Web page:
Scott Morrison – Malcolm Turnbull slams Scott Morrison over climate change
Malcolm Turnbull sticks up for ‘inner-city wine drinkers’ as he mocks Scott Morrison’s climate change plan
- Scott Morrison vowed not to ‘tax the life out’ of industries on the road to net zero
- He said net zero won’t be achieved ‘in cafes and wine bars of our inner cities’
- Mr Turnbull said his ‘wine bars’ statement is irrelevant to climate change action
- The PM is days away from a global climate summit organised by the US
Former prime minister Malcolm Turnbull has criticised Scott Morrison over his ‘pathetic’ speech about climate change and ‘inner city elites’.
Mr Morrison vowed not to ‘tax the life out’ of industries on the road to a net zero emissions target.
‘We will not achieve net zero in the cafes, dinner parties and wine bars of our inner cities,’ he said in a speech at the Business Council of Australia’s annual dinner on Monday night.
‘It will not be achieved by taxing our industries that provide livelihoods for millions of Australians off the planet, as our political opponents sort to do, when they were given the chance.’
His words didn’t sit well with the ousted former PM, who has become increasingly vocal about Mr Morrison’s stance on climate change.
Mr Turnbull said Mr Morrison’s ‘wine bars’ statement was completely irrelevant to substantial climate change action.
Mr Morrison vowed not to ‘tax the life out’ of industries on the road to a net zero emissions target, but admitted Australia’s energy mix will have to change over the next 30 years to get there
Malcolm Turnbull said Mr Morrison’s ‘wine bars’ statement was completely irrelevant to substantial climate change action
‘Scott Morrison should cut the pathetic culture war sledges and commit to an ambitious emissions reduction target with a plan of action to get there,’ Mr Turnbull told news.com.au on Tuesday.
‘The bluster and the dodging is wearing very thin.’
Mr Morrison said net zero will be achieved by the ‘pioneering entrepreneurialism and innovation of Australia’s industrial workhorses, farmers and scientists’.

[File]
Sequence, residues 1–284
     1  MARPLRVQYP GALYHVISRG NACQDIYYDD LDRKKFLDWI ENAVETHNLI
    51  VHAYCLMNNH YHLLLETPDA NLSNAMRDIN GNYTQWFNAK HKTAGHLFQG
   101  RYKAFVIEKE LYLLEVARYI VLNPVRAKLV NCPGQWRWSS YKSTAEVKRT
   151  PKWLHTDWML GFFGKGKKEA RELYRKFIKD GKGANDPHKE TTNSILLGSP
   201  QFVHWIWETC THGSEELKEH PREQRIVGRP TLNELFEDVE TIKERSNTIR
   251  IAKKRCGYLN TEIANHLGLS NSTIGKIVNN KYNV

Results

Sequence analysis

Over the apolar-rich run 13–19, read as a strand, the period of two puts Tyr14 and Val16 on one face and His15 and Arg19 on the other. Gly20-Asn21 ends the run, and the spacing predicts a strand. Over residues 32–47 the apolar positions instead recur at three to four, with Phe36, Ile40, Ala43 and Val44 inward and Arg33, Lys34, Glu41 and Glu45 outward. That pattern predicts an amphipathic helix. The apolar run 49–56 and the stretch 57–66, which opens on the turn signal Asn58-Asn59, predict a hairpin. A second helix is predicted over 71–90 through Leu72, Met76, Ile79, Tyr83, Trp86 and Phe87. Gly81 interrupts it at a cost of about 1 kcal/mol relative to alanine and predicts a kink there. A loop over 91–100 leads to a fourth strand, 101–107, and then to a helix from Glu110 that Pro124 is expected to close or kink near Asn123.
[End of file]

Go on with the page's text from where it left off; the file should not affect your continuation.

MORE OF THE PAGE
‘It will be won in places like the Pilbara, the Hunter, Gladstone, Portland, Whyalla, Bell Bay, and the Riverina,’ he said.
The prime minister is days away from a global climate summit organised by the United States where Australia will join other major emitters.
US President Joe Biden is poised to announce a more ambitious 2030 target along his road to net zero greenhouse gas emissions by 2050.
Mr Morrison has not committed to that target but says it is preferable.
‘Our current target will see Australia – this is for 2030 – reduce our emissions by 70 per cent per unit of GDP on 2005 levels, and halve it when considered in per capita emissions,’ he told the Business Council on Monday night, spruiking gas and hydrogen.
‘Don’t let it be said by those who want to talk Australia down in what we’re doing on emissions that we’re not carrying our load. We are.’
Labor has accused Mr Morrison of politicising the issue by saying net zero would be achieved in regional towns rather than in ‘cafes, dinner parties and wine bars’.
Labor leader Anthony Albanese wants Australian manufacturing to re-emerge with thanks to lower power bills caused by renewable energy
The opposition’s climate and energy spokesman Chris Bowen on Tuesday organised a virtual summit for industry focused on job creation opportunities in the sector.
‘We need collaboration between industry, workers, government and experts – and a sharing of those ideas with policy makers,’ he said.
Labor leader Anthony Albanese wants Australian manufacturing to re-emerge with thanks to lower power bills caused by renewable energy.
But rather than setting out a plan for the phase-out of export resources like coal, he says its future will be based on global demand.
‘Decisions about the long-term future of those industries will be made in the boardrooms of Tokyo, Beijing, Seoul and New Delhi,’ Mr Albanese told the summit.
Critics have warned the prime minister against flirting with net zero targets and letting Australia lag behind on climate action.